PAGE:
Broad shoulders stiff with frustration, he argued, "You're making a big deal out of a little money."
"Two thousand dollars is hardly pocket change."
"Take the boys shopping for clothes or to the movies." His suggestion sounded innocent, but Annie read between the lines. He felt bad for the twins, because they hadn't left the hollow since Sean's death. Not that she'd intentionally hidden them away. There just wasn't enough money for extras like movies or gas to drive into Slattertonthe nearest town with a mall and a theatre. And even if the Gremlin did have a full tank, the car was on its last legs and she feared the motor would conk out halfway there, stranding her and the boys in the cold.
Time to leave. She should have made her exit after she'd tossed the money onto the table. Why didn't you? The truth lay somewhere betweenshe enjoyed the sight of Patrick's half-clothed body and she hated backing down from a fight. She gulped the remainder of the brew, then carried the mug to the kitchen sink as a courtesy not because she yearned for a look-see at the shiny stainless steel appliances.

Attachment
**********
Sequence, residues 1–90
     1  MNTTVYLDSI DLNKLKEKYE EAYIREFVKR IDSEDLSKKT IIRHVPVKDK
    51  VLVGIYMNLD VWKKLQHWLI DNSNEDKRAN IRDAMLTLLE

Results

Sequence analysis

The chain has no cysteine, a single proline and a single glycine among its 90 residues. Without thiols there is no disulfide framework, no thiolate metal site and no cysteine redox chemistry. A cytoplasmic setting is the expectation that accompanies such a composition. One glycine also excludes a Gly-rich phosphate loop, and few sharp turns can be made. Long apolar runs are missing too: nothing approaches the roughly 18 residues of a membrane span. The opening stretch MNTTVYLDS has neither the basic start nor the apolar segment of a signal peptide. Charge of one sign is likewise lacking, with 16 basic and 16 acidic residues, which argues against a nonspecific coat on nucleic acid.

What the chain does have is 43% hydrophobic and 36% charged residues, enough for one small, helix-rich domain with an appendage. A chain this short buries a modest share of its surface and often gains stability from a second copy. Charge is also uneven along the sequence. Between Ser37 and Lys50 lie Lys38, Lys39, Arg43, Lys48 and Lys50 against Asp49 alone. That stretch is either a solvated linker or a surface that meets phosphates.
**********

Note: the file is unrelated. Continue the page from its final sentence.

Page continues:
While she rinsed the cup, she caught Patrick's reflection in the window above the sink and noticed the way his eyes roamed over her. A warm rush sped through her and the mug slipped from her grip, clunking against the bottom of the sink. Time to go. She wiped her hands on her jeans and headed for the door.
"Have you and the boys had breakfast?" he asked the moment her fingers touched the doorknob.
Say yes. In truth, she'd roused the twins from bed and insisted they wait to eat until after she'd spoken to their uncle. "Not yet," she answered, hating her weakness around this man.
"Been a while since I've spent time with Tommy and Bobby. Why don't we eat breakfast together?"
She and Patrick might not be cozy friends, but he'd grown close to her sons over the years, accompanying Sean and the boys on camping and hunting trips. You can survive another hour in the big Irishman's presence to let the twins visit with their uncle. "Thank you. We'll accept your invitation."
For the first time since she'd barged into his home, Patrick's rigid posture relaxed. "Let me grab a quick shower."
Before he made it to the bedroom door, she called, "What can I do to help?"
He offered her a lopsided grin. "Drink another cup of coffee." Then he closed the door, leaving Annie with a stinging sensation in her eyes. Had it been that obvious she'd enjoyed his coffee and his company?